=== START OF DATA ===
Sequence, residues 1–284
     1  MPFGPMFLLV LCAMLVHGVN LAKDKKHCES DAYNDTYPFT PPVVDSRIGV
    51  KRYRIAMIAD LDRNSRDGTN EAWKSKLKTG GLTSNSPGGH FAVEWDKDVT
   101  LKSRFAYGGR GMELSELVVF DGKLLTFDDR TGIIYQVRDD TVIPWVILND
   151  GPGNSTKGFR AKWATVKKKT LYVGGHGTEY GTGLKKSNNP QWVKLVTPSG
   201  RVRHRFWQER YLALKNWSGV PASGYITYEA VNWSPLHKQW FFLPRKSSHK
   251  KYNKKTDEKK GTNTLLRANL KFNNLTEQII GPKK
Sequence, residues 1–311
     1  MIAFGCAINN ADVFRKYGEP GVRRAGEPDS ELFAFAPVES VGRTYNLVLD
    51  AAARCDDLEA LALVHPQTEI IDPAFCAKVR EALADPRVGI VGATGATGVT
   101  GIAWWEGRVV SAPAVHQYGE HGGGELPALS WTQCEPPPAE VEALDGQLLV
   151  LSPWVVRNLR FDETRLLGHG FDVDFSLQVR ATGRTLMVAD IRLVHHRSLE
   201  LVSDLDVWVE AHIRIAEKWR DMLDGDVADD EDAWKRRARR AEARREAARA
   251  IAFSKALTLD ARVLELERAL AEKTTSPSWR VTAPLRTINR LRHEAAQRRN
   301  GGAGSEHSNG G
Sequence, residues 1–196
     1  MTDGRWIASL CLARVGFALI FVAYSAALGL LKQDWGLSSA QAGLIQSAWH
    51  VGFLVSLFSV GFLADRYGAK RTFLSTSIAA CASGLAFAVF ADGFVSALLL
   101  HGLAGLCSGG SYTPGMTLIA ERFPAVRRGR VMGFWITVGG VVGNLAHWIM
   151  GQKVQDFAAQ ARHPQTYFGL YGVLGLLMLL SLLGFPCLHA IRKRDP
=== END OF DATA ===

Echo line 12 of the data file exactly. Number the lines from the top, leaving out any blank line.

   151  LSPWVVRNLR FDETRLLGHG FDVDFSLQVR ATGRTLMVAD IRLVHHRSLE